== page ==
Also, while I know that she loves Punky as her own, there is something, it’s just different, when you have a child that you carried for 10 months and delivered from your body. It’s a different kind of bond. I know it is. I don’t want to take that away from her. I certainly didn’t like being pregnant, it was my least favorite time of this process of getting Punky, at the same time, I’m glad I had the experience. I also have a bond with Punky that I feel like is stronger because I carried her.

In my mind, I want to make this work! I don’t understand why it has to be so damn difficult for us to have the family we want, and straight couples all around the world are having ‘OOPs babies’ and some are being abandoned or not very well taken care of. There are people out there who say babies of gay parents are at a disservice, I will never understand that. We have to plan. We have to spend a great deal of time and money and effort to have our children. We have to REALLY REALLY want our children.

How can a baby be at a disadvantage because we love them so much we would do anything to have them?

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9 thoughts on “Baby Number Two?

  1. If this is overstepping, please don’t answer but I’m curious if you are using a syringe with your known donor or the old old fashioned way? Mostly I am curious, if the latter, why you made that decision vs. using a syringe with a fresh sample?

    • @AndiePants – This made me LOL. It’s totally not overstepping and I swear I get this question ALOT. We did it the OLD OLD fashioned way.

      We all decided this would be best just because we weren’t altogether sure if we would get a second shot at it and the syringe method is a little … well subject to human error. Whereas, frankly, with the down and dirty method, you just get straight to the heart of the matter. It was treated as more of a business transaction than any aspect of an emotional relationship.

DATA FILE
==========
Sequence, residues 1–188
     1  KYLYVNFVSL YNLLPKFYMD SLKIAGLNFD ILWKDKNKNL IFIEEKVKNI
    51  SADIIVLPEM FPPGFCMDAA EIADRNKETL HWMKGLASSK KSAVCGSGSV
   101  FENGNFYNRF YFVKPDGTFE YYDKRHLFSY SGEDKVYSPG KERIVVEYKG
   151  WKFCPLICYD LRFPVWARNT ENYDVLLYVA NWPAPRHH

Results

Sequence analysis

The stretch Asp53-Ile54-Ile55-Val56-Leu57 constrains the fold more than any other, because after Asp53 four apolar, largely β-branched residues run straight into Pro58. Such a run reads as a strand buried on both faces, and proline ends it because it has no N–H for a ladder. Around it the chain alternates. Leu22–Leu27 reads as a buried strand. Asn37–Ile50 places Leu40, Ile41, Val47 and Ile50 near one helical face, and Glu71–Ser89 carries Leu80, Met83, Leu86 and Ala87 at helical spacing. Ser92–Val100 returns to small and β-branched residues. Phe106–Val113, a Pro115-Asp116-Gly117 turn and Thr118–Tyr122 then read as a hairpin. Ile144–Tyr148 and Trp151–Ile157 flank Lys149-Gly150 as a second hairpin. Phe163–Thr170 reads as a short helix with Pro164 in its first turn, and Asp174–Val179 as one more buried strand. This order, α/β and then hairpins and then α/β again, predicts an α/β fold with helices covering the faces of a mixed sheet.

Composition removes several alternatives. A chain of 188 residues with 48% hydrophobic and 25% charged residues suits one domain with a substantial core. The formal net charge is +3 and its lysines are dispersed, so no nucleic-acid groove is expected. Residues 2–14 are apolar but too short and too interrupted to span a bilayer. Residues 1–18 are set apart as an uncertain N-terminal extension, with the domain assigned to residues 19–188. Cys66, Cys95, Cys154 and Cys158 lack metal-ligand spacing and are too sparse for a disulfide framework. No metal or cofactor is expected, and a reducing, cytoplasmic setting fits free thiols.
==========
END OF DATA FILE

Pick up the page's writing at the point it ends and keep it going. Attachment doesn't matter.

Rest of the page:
Our donor lives out of state, several states away in fact, so we had 1 week to get this right and we probably wouldn’t have tried a second time, at least not for a while. It wasn’t too terribly bad, since I have been with male partners before, so it definitely wasn’t out of the ordinary for me and he is a poly-amorous man, so he was A-OK with it.

      Even though it was a ‘business transaction’, as with any relationship could expect, it WAS an emotionally draining week for K and I, but one that really was the best decision for our baby making, just because it worked, first try!

      • Thanks for your openness. I kind of assumed it was the old old fashioned way, based on your description of the week as emotionally trying (which could be used for any attempt at non-traditional baby making, honestly) and your note about possible custody things coming up. I can totally see your reasoning – and it does sound like a huge factor to consider. This process is so much about weighing the pros and cons and what we can/want/will do . . .I agree that the level of thinking most LGBTQ folks have to put into having a child means that we are often as prepared as one can be!
        I enjoy your blog and am looking forward to reading about how you choose to proceed. No matter what, I hope it all feels great to everyone involved!

      • Thanks, @AndiePants! We are just 12 hours into our thinking process,so who knows how it will pan out. With all the negative obstacles, I’m leaning towards a “no”, but at the same time, if we can get some resolution to fix these negatives, I would think a second baby would be great!

  2. The final 5 sentences of this post completely sums up precisely what I try to explain to people in my small, southern community. The children of LGBTQ people are planned for so meticulously that our children never have to wonder if they were accidents. Thank you for sharing your story and experiences!

    • @andjustaddwater – I have always been so confused as to why people think babies of LGBTQ parents are not well taken care of, for crying out loud. They are so planned and they are so wanted by the time they arrive, they are definitely taken care of.

  3. Great post! and great blog! I am pregnant now with our first and we are already starting to “plan” & save for baby # 2! Babies from LGBTQ families are very much wanted!!